Letters to the Editor
I have been a fan of Linux for some time, and lately also of LJ, which I consider an excellent source of information. I have, however, been reluctant to address Linux as a target platform, because of the restrictions imposed by the GNU General Public License.
If I understand correctly, I may not compile a program with gcc under Linux and then expect to market it without accompanying source code. Also, I may not deny my licensee the right to re-distribute the program, or even sell it. This is because my application would constitute a “work based on gcc”, as defined in paragraph 1 of the GPL, and also because it would contain library code covered by the GPL.
But then, browsing through your magazine I found out that, for example, Caldera imposes much more restrictive terms on its products. Also, I have seen an ad about Mathematica for Linux, and I doubt that Wolfram Research is willing to qualify its product as a “work based on gcc”.
Clearly I am missing something. The question is, how can you market a commercial product under Linux and make sure that your customer is not re-selling it, or maybe installing it on 600 machines? Do you have to use a compiler other than gcc (is there any)?
I appreciate any advice you may give on the subject. Keep up the excellent work.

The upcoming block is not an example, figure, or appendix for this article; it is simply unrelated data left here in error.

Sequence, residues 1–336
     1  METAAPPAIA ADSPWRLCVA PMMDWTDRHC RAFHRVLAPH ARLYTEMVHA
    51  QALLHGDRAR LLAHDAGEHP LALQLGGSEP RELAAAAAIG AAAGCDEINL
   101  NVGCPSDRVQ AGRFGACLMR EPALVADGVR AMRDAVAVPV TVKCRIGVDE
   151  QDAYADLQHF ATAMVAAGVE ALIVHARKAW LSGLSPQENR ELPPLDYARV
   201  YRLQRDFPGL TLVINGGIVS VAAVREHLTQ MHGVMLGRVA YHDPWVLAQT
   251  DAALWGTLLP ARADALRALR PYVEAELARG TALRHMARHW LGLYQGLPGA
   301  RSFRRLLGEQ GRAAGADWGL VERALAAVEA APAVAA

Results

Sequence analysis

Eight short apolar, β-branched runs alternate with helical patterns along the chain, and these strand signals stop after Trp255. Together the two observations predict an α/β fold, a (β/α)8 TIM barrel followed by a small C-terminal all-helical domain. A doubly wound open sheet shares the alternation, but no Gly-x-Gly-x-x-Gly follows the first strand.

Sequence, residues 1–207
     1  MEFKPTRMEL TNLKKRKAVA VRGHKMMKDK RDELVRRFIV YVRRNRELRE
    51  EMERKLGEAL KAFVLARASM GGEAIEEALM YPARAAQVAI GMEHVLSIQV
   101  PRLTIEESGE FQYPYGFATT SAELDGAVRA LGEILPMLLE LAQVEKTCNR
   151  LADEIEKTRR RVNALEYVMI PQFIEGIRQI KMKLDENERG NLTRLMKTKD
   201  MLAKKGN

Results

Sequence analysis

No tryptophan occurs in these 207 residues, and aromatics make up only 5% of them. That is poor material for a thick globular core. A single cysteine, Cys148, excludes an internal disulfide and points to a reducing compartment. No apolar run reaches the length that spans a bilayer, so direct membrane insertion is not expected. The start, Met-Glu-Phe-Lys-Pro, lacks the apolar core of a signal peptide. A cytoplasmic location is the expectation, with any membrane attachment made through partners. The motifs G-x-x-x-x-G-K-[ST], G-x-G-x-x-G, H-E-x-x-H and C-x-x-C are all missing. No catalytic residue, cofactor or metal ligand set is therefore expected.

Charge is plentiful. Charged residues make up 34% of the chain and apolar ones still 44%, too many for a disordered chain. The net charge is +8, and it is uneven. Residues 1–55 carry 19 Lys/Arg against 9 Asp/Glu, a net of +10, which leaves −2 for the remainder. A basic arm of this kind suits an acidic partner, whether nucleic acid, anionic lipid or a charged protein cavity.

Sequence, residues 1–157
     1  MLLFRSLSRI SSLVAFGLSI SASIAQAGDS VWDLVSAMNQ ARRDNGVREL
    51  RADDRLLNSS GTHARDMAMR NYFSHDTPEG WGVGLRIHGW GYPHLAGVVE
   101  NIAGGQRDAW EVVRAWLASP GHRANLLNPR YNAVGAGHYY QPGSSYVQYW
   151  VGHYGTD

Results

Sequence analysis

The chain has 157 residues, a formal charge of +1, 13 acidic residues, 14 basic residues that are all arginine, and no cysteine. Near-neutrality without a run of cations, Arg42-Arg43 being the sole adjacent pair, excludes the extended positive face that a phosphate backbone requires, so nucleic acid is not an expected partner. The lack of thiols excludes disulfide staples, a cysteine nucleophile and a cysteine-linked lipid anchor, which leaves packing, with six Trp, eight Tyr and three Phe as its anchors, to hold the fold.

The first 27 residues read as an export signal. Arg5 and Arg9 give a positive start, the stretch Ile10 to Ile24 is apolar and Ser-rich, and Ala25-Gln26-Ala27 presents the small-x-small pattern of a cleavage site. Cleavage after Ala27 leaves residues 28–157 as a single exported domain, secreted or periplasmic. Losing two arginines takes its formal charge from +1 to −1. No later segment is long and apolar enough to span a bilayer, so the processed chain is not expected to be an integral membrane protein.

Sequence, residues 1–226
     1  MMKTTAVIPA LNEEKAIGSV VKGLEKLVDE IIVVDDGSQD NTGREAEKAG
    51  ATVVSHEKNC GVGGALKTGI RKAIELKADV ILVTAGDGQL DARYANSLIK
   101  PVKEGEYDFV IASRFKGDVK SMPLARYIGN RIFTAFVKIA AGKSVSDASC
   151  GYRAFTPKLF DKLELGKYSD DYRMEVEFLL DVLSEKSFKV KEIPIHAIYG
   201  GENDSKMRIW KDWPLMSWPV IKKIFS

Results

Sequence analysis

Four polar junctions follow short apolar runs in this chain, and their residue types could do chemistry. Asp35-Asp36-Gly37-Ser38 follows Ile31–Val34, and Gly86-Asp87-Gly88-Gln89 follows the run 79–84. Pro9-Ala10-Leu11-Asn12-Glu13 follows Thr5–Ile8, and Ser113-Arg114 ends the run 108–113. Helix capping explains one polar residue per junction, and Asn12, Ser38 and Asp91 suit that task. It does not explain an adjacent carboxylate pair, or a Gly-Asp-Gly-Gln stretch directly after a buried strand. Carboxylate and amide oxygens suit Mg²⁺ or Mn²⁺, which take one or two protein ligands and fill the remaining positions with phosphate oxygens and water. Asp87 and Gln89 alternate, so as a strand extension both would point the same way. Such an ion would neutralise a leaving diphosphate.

—Luca Cotta Ramusino firstname.lastname@example.org
First of all, compiling with gcc does not make your application a “work based on gcc”. Second, the C library is not covered by the GPL, but by the LGPL, the GNU Library General Public License, which allows you to distribute applications linked to shared libraries without inheriting copyright restrictions. Third, there are at least two other C compilers available for Linux; Linux FT comes with a different compiler as the default system compiler, and lcc is also available.
So you can safely target Linux with your current GNU toolset.
Greetings. I read the January and February issues of LJ with great interest, especially the security section. In the February issue, you have the site for swatch as being sierra.stanford.edu:/pub/sources. It has moved to ftp.stanford.edu:/general/security-tools/swatch. I thought that this might be useful to anybody else who is looking for it...
—Duncan Hill email@example.com
[The url he mentions has been corrected for this archive CD —Ed]
|A Project to Guarantee Better Security for Open-Source Projects||Aug 27, 2015|
|Concerning Containers' Connections: on Docker Networking||Aug 26, 2015|
|My Network Go-Bag||Aug 24, 2015|
|Doing Astronomy with Python||Aug 19, 2015|
|Build a “Virtual SuperComputer” with Process Virtualization||Aug 18, 2015|
|Firefox Security Exploit Targets Linux Users and Web Developers||Aug 17, 2015|
- Concerning Containers' Connections: on Docker Networking
- A Project to Guarantee Better Security for Open-Source Projects
- Problems with Ubuntu's Software Center and How Canonical Plans to Fix Them
- My Network Go-Bag
- Firefox Security Exploit Targets Linux Users and Web Developers
- Doing Astronomy with Python
- Build a “Virtual SuperComputer” with Process Virtualization
- Three More Lessons
- diff -u: What's New in Kernel Development
- August 2015 Issue of Linux Journal: Programming